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Now that Americans can go to Europe, here's what we know about the EU's "vaccine passports"

June 07, 2021
4 min read
Acropolis in Athens at spring
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Editor's Note

This post has been updated with new information.

Europe is reopening to tourism: Seven European Union countries have unveiled and are already using EU Digital COVID Certificates (formerly called "green passports").

The New York Times reporting seven countries are already using these passports. Bulgaria, the Czech Republic, Denmark, Germany, Greece, Croatia and Poland made the certificates available to their citizens as of June 7. They are reportedly already being used for travel. All 27 member nations of the EU should have the vaccine passports available as of July 1, 2021. The European Commission is in talks with the United States about allowing Americans to also have access to the EU Digital COVID Certificate, but details on that have not been finalized.

Read on for new details on what we know so far.

Digital International Certificate of Covid-19 Vaccination. The certificate indicates that the holder has been vaccinated against Coronavirus Covid-19 (Image by courtneyk/Getty Images)

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The news on digital COVID-19 certificates

Also called "Digital Green Certificates (DGC)," they are designed to provide proof of vaccination against COVID-19, that the user has received a negative test result or recovered from COVID-19.

Related: Country-by-country guide to Europe reopening

The DGC will allow citizens of EU countries free movement around their own country, as well as travel abroad to other countries within the EU. The European Commission has also said it will include non-EU Member States, such as Iceland, Liechtenstein, Norway and Switzerland but not the United Kingdom. The DGC is supposed to be available for free in digital or paper format.

The European Union government is also asking member countries to waive testing and quarantine requirements for those who are vaccinated, have recently recovered from coronavirus or have negative test results. Each member country can set its own rules.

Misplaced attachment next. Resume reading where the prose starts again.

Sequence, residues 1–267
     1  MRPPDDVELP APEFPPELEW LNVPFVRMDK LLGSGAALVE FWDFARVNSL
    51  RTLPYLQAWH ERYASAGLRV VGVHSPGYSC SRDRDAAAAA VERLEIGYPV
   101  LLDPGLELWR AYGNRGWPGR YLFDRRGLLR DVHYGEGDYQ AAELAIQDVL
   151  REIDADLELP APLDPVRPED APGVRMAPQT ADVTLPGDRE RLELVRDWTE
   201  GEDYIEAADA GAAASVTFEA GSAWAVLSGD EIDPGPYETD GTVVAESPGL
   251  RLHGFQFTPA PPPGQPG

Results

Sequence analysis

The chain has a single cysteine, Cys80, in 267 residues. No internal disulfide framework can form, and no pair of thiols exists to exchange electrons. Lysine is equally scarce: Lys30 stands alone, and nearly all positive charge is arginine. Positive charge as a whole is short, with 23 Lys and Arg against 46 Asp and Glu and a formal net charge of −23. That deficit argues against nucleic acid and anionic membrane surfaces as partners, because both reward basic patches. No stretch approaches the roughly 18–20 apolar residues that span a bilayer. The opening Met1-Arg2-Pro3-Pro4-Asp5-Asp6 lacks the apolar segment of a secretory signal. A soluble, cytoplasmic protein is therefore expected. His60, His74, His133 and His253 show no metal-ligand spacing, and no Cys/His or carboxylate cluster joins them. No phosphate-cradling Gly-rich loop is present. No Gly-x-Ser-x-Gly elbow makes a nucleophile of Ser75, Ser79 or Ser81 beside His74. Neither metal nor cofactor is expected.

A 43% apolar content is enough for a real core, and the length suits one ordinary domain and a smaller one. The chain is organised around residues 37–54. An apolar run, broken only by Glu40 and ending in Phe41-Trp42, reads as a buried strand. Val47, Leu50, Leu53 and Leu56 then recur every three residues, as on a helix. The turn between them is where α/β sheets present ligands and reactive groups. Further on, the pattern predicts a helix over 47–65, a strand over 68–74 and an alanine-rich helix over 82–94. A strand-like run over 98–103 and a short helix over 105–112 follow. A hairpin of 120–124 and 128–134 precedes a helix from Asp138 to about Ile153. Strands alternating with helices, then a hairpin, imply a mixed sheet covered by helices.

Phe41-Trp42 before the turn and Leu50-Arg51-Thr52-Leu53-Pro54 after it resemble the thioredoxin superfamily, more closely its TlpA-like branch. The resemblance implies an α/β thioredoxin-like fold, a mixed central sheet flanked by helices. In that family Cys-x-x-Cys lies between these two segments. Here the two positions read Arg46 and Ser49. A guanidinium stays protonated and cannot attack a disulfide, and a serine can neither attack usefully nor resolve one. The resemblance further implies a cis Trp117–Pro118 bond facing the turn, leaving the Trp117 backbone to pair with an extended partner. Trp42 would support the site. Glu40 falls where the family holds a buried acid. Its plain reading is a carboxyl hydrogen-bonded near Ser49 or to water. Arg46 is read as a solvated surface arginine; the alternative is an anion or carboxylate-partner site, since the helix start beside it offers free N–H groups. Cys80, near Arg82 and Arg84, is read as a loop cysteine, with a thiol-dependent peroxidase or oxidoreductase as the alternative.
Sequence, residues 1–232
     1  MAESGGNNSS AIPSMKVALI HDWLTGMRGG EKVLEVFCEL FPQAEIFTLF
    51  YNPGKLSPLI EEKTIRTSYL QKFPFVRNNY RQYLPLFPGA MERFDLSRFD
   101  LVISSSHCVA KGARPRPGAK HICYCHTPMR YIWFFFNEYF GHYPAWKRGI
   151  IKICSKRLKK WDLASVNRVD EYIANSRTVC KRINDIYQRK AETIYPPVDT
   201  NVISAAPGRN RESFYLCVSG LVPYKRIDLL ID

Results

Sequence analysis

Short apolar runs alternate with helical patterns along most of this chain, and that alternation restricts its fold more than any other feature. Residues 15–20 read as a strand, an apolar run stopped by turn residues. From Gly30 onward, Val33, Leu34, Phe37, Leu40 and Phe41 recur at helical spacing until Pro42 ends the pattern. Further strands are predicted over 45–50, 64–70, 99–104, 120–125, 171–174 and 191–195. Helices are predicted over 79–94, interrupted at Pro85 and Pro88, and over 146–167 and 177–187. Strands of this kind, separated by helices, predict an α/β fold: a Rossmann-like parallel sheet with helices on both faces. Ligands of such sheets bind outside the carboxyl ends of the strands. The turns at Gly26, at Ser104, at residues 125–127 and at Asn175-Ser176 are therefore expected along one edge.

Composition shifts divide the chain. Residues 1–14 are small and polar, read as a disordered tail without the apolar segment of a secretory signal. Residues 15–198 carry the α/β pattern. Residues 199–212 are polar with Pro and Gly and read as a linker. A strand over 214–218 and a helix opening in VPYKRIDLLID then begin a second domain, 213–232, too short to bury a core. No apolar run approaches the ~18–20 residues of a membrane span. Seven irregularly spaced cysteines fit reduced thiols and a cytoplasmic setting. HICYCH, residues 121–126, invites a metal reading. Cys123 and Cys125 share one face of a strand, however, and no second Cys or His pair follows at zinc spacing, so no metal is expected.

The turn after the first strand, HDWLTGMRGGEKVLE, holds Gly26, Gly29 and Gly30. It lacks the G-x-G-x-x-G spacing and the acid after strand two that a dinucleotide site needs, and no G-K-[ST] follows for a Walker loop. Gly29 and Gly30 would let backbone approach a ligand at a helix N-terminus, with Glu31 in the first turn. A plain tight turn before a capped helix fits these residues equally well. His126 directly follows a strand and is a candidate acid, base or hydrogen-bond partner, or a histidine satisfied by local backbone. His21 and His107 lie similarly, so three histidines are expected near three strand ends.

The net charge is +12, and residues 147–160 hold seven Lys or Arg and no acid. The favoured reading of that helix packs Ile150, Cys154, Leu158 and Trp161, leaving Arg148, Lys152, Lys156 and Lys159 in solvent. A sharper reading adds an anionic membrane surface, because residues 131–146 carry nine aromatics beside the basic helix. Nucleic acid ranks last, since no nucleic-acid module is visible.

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Related: I was one of the first Americans on a COVID-tested flight to Italy

The EU is calling June a "warm-up phase," where the certificates are voluntary, with July 1 being the official kick-off. For that reason, Americans should probably wait until the rules and requirements are formalized before making any last-minute plans. The alternative is to book a European trip with a country where we know Americans are already being welcomed, such as Greece, Croatia or Italy.

Related: Where you can go if you’re vaccinated

Are Americans eligible to use the EU digital certificates?

Americans, so far, cannot use the digital certificates currently in use, but negotiations are reportedly underway to make it a possibility eventually. For now, Americans will need to show their COVID-19 vaccination records and/or a negative COVID-19 test result taken within three days of arrival into Europe.

Related: Everything you need to know about Europe's digital "vaccine passports"

What about using them for other purposes?

The digital certificates will also potentially be used for purposes other than travel including going to concerts and other events with large crowds. Austria, for example, wants to use them for access to restaurants and hotels according to El País.

Does this mean you have to be vaccinated?

You do not have to be vaccinated to travel, and the digital passports will also show if you have recently tested negative for coronavirus. According to the EU, vaccination cannot be used as a pre-conditional requirement for travel.

Will these digital certificates cost money?

The digital passports will be free.

Featured image by Getty Images/iStockphoto
Editorial disclaimer: Opinions expressed here are the author’s alone, not those of any bank, credit card issuer, airline or hotel chain, and have not been reviewed, approved or otherwise endorsed by any of these entities.